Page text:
Hope is a tenured professor of Geobiology at University of Hawaii Manoa who studies “living and fossil organisms and how they are chemically linked to the global environment”.
She writes a blog that’s full of sass and spunk about ‘relationships between men and women in academia’ and so much more. Her irreverent, hilarious tone could probably only come from someone who has tenure and/or is very brave; somehow, though, I get the feeling that a lot of the words written on her blog would have also been freely spoken at faculty meetings (even pre-tenure). This comic about how to get a faculty job is one of my favorites.
Because I so enjoyed her writing style and brutal honesty on her blog, I was excited to hear (from Lauren – thanks, Lauren!) that Hope was publishing a book about her memoirs as a scientist coming of age, Lab Girl.
I downloaded the book on my phone reading app the first day it was available. (Dude – have you tried reading books on your phone!? It’s awesome being able to read something interesting during my 2 minute incubations in lab instead of looking at the same pictures on my Instagram feed over and over again!) I started reading the book thinking I would be mumbling words of agreement under my breath because of our shared experiences as women in science. Instead, I found that Hope’s scientific and personal journeys have been quite different from my own, but that those differences made the read even more enjoyable.
I have to admit that at first, her stories from starting up her own lab in her mid-twenties were more terrifying than inspiring (and entertaining – her stories are all entertaining). She went through a lot to get her lab set up and to make it as a scientist. I was exhausted just reading about the sheer determination and will-power she had to exert in order to get to where she is today. And yet – she had so much fun doing it! And so many ridiculous adventures!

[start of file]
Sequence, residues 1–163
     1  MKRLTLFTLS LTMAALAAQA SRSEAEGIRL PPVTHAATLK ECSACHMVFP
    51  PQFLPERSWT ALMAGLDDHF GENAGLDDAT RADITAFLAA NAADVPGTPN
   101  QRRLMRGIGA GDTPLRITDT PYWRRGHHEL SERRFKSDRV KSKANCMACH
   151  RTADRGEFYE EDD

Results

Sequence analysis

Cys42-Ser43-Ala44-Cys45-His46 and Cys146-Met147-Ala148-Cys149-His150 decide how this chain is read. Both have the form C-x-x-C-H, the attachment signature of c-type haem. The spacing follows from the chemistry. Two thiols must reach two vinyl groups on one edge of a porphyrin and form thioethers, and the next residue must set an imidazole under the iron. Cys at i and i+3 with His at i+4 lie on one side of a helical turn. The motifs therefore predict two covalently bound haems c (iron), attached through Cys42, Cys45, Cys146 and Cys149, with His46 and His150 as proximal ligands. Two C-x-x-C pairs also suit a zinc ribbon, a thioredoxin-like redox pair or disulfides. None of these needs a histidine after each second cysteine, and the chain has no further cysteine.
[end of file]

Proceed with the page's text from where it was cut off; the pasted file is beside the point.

By the end of the book, I was amazed and inspired by her journey and was no longer exhausted by all the work it took for her to get to where she is. I was reminded (for about the 1000th time, but still it’s good to be reminded) that doing hard things is worth it (most of the time).
I don’t want to give away anything from her book because you should totally read it and there are a few surprises in there that keep you on your toes, but here are a few teasers: There is a lot of sleeping in cars, home-made mass-spectrometers, trips around the world for specimen collection, and a very unique relationship with her lab manager. Oh, and you will learn a lot about plants. The other day, I got really sad watching a bunch of workers chop down a tree because I now have a much better appreciation for how damn difficult it was for that tree to become a tree.
Check out Hope's entertaining twitter feed, @HopeJahren. If you read between the lines, it seems like her lab is maybe moving soon...? I'm excited to see where she ends up.